Nootropics, adaptogens, brain foods… What the heck is going on?

In a world where cognitive performance is considered a clear advantage to succeed—whether as a student or a busy professional—it’s not surprising the idea of popping a pill to enhance your brainpower is appealing to many. And marketers have noticed: the market for cognitive enhancers is a multi-billion dollar industry. Between drinks supplemented with “adaptogenic …

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The benefits of stretching: why your body needs to move

Do you feel tight from sitting in your chair all day? Is it becoming harder to extend your legs or your arms? You may need to get up and stretch. A stretching routine is not just for athletes. Stretching helps our muscles and joints stay flexible and strong, which in turn helps keep our body …

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Creative burnout: when the creativity tap runs dry

Creativity is fragile: it needs to be fed enough inspiration, but not too much, for consuming an excessive amount of information may destroy its delicate balance. It needs space to grow, but should not be forced, for mechanical work may lead to lifeless output. Despite all our care, sometimes, it seems to be gone: the …

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Overcoming learned helplessness

When bad things repeatedly happen, we may come to think they are unavoidable. And when we feel like we have no agency over our situation, we may begin to behave in a helpless way. Learned helplessness is a mental state that occurs after someone has experienced a stressful situation so many times, they believe they …

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Selective ignorance: cultivating intentional knowledge in a chaotic world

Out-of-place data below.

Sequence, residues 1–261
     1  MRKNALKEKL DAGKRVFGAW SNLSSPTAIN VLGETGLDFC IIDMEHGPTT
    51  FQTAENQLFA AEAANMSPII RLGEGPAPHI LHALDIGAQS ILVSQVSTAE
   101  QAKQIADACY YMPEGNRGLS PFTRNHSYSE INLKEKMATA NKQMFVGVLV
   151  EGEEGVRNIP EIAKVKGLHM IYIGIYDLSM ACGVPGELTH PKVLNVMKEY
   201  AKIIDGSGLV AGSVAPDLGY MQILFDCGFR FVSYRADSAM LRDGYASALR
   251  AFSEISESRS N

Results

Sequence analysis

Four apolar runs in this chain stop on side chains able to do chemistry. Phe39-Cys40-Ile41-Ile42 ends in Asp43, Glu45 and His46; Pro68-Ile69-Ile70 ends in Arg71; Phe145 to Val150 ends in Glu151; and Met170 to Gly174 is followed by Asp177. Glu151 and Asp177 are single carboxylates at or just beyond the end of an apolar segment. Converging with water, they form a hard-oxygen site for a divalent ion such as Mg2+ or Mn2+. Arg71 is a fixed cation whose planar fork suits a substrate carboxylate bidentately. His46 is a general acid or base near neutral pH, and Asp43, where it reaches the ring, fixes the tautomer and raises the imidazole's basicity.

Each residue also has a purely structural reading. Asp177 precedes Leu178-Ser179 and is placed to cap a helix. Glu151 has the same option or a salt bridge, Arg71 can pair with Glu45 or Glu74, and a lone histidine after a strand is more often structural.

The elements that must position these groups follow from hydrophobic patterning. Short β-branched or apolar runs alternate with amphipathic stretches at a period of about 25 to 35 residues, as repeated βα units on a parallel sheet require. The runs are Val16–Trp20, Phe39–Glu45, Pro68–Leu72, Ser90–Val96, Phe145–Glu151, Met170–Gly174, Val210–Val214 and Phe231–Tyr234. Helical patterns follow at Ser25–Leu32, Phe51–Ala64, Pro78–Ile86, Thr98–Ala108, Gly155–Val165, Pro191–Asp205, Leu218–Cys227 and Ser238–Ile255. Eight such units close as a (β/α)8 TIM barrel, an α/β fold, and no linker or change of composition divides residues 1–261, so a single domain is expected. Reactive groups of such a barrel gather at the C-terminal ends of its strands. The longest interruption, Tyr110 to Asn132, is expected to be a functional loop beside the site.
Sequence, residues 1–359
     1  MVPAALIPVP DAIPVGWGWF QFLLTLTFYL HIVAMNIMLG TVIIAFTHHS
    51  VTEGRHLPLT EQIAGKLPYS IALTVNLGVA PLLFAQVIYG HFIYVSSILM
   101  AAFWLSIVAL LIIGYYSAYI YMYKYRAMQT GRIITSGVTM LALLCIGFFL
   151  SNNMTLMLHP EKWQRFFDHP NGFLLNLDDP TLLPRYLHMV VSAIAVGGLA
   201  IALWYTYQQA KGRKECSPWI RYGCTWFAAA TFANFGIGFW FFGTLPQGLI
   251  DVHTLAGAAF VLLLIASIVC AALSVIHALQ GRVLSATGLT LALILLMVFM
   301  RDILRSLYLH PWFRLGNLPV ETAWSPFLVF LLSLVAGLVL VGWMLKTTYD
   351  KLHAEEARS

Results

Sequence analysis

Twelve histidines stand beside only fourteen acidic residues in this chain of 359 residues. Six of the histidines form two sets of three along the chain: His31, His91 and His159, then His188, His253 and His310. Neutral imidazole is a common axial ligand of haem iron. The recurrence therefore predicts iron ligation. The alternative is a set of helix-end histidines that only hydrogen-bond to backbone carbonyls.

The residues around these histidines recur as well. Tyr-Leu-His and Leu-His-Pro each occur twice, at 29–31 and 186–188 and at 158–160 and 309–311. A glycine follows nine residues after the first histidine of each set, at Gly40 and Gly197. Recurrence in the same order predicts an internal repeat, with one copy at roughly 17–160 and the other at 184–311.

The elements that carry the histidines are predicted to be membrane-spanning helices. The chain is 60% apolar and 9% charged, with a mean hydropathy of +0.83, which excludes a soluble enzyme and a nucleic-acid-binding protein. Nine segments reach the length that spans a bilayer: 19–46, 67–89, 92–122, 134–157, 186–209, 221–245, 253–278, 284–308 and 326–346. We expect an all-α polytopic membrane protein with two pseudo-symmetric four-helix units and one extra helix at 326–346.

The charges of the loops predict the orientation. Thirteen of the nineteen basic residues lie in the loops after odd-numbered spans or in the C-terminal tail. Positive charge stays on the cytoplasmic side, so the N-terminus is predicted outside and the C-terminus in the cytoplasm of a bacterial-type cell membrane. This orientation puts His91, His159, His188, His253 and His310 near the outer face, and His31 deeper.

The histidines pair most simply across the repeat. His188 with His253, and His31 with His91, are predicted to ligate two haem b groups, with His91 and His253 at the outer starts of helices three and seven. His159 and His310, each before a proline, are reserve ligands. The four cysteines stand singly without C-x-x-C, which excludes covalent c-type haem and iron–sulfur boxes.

Have you ever found yourself aimlessly scrolling online, then feeling guilty about the wasted time? Twelve years ago, the Webster’s New World Dictionary—which is the official dictionary used by the Associated Press and many leading newspapers such as the New York Times—selected “selective ignorance” as a candidate for the word of the year. (it lost …

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The benefits of laziness: why being a lazy person can be good for you

Sloth is one of the seven capital sins. While it’s hard to define it exactly, most will agree it has to do with laziness: the disinclination to use energy. Whether or not you believe in such moral vices, most cultures see laziness as a negative trait. However, being lazy can have advantages—and many of them …

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Altered states of consciousness: the elusiveness of the mind

Altered states of consciousness may immediately bring to mind psychedelics or hypnosis, but there are many ways to induce such non-ordinary states. But first, a conundrum. In order to define altered states of consciousness, we need to ask: what is an ordinary state of consciousness? Because scientists can’t agree on an answer to this question, …

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Negativity bias: how negative experiences cloud our judgement

Have you ever found yourself ruminating over a mistake you made a while ago? Replaying in your head a conversation that didn’t go so well? That’s the negativity bias at play: not only do we register negative stimuli more readily, but we also tend to dwell on these events for longer. In general, negative events …

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The two sides of stress: distress and eustress

One common misconception about stress is that it should be minimised at all cost—that stress is bad. But stress is just your body and your mind’s response to external challenges. Depending on the particular stressors and your reaction, stress can be detrimental (distress) or beneficial (eustress). While the prefix -dis in “distress” has the same …

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The empathy gap: why we underestimate the influence of emotions

“I would do much better!” you think, watching someone give a presentation about a topic you are familiar with. “I don’t feel like smoking at all, I’ll definitely be able to quit tomorrow,” you say with a relaxed tone, right after smoking a cigarette. These are illustrations of the empathy gap: our tendency to underestimate …

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